An upbeat guide for single women on how to navigate the crazy world of modern dating and live their best lives, whether single or coupled
It’s easy to fall into a bad relationship with dating today, especially for single women. From living in fear of being “ghosted” to enduring endless well-meaning questions about why you haven’t found Mr. Right yet, it’s tough to be unattached without feeling you’re somehow inadequate or doomed to spend life alone and depressed!
According Dr. Jenny Taitz, acclaimed relationship psychologist and behavioral therapy specialist, it’s time for a reality check: single women are not a “problem” to be “solved”. In How to Be Single, Dr. Taitz draws on clinical research, hundreds of patient interviews, and positive psychology principles to bust the myths that relationships are cure-alls for unhappiness and being single is “bad”. Instead, this clever, inspiring guide shows savvy single ladies how to stop overanalyzing romantic encounters, get over regrets or guilt about failed relationships and dates that disappeared, and identify and cultivate the values and connections that make them happiest. Dr. Taitz also shares proven strategies for building fulfilling lives around themselves first, helping single women better identify what they want and need in a partner and become more skillful daters in the process. The result is women living their best lives, with or without a partner.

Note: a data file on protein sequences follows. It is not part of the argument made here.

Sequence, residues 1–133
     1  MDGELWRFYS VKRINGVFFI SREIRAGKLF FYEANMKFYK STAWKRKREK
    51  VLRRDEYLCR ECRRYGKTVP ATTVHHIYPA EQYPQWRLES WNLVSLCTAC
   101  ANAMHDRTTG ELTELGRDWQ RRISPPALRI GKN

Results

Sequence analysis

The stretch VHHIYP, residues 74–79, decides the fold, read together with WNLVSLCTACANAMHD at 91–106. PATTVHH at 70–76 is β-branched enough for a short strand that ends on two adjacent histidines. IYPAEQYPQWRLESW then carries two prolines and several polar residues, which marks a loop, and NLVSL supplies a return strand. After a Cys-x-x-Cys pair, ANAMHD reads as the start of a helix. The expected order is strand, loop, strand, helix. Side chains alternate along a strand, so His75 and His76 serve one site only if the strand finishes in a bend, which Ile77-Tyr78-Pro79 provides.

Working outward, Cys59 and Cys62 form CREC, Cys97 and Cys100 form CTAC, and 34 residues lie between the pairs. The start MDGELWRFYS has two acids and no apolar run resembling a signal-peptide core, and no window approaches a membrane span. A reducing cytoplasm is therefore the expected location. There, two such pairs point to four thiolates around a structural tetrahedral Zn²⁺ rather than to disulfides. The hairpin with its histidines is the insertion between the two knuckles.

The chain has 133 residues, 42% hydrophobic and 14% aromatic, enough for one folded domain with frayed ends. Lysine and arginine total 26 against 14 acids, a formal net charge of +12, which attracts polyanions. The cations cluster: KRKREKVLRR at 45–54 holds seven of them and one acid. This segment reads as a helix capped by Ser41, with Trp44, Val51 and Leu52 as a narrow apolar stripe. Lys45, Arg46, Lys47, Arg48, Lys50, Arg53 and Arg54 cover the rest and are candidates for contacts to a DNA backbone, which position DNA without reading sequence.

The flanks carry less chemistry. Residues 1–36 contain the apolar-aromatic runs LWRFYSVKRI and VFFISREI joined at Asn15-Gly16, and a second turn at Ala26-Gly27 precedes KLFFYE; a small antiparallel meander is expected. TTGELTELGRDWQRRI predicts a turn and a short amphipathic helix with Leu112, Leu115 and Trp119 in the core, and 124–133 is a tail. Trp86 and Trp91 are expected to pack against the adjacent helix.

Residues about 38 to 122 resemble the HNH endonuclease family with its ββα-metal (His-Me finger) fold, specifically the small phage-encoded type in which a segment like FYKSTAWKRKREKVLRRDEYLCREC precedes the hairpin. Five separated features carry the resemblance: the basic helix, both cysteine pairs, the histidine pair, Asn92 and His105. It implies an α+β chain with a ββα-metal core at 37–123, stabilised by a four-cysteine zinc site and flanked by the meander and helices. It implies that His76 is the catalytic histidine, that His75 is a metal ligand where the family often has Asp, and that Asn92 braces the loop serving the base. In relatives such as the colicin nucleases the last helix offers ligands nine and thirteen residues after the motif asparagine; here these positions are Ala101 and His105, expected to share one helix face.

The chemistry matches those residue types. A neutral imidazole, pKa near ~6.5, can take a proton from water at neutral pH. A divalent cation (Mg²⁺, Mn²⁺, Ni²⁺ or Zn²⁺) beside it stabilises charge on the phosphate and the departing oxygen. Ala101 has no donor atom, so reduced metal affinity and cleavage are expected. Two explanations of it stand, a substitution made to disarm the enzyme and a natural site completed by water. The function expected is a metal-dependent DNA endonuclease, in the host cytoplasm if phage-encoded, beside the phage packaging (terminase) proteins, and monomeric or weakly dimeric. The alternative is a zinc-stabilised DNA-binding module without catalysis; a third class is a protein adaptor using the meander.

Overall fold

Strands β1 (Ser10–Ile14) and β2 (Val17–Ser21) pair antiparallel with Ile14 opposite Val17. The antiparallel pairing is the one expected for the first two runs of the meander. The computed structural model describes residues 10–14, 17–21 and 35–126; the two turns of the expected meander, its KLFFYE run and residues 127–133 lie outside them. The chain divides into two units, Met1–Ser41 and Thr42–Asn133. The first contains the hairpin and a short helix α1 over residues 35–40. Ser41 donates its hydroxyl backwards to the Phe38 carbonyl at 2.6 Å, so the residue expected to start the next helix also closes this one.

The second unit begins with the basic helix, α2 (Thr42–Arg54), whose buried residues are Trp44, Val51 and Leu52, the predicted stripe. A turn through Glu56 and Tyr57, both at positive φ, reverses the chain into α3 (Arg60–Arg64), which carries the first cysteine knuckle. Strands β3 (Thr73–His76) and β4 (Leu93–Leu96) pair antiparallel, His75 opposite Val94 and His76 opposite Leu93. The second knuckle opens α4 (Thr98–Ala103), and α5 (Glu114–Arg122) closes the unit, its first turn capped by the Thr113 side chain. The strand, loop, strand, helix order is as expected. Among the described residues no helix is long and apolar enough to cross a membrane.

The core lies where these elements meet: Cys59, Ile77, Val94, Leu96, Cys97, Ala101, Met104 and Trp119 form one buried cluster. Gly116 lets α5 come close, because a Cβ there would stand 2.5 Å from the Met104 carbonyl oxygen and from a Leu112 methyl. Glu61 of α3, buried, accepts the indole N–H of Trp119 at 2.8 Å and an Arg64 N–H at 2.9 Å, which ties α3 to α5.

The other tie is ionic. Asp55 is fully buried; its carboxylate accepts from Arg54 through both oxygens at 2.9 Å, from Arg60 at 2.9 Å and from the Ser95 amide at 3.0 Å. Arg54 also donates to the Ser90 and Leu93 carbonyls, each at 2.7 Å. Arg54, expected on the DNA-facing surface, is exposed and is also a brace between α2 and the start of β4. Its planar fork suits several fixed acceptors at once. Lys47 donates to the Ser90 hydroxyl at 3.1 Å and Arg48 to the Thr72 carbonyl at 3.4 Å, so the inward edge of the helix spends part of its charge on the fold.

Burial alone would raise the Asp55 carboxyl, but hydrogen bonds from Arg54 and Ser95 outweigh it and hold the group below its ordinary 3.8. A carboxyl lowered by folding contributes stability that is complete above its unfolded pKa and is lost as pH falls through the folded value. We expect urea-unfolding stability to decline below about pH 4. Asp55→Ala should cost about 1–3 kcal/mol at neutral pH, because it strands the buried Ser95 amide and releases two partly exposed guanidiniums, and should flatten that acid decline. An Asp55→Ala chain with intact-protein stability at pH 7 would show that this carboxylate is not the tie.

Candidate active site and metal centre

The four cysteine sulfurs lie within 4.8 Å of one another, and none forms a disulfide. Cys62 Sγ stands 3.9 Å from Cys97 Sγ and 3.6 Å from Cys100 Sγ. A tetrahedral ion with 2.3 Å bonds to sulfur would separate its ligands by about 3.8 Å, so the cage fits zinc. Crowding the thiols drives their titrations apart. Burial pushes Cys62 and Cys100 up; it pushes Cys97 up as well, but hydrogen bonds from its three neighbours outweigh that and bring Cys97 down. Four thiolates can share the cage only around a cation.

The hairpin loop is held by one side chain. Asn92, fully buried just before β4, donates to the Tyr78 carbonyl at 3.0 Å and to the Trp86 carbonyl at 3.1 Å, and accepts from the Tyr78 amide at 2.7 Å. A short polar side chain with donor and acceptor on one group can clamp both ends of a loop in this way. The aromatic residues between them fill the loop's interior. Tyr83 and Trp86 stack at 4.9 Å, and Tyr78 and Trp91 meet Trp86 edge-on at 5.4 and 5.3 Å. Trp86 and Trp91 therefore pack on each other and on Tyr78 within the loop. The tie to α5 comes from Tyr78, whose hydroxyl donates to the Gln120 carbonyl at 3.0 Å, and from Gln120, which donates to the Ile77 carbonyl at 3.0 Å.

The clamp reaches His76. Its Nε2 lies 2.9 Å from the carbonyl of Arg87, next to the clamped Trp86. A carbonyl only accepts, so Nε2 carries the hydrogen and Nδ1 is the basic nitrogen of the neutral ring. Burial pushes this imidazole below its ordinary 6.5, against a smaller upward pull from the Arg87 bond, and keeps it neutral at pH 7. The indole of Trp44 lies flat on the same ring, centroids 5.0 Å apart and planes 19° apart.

“The fear of being alone leads many down disappointing paths, and I’m thrilled Jenny Taitz is writing this book to help readers avoid that trap.”—Adam Grant
About the Author:
JENNIFER L. TAITZ, Psy.D., A.B.P.P., is a board-certified cognitive behavioral clinical psychologist and a certified dialectical behavioral therapist who has written for Fox News Health and The Huffington Post. The author of End Emotional Eating and a founding board member of the New York City Association for Contextual Behavior Science, Dr. Taitz has presented at conferences nationally and internationally on novel clinical applications in mindfulness and relationships. She lives in Los Angeles, CA, where she has a clinical psychology and counseling practice.
Author Residence: Los Angeles, CA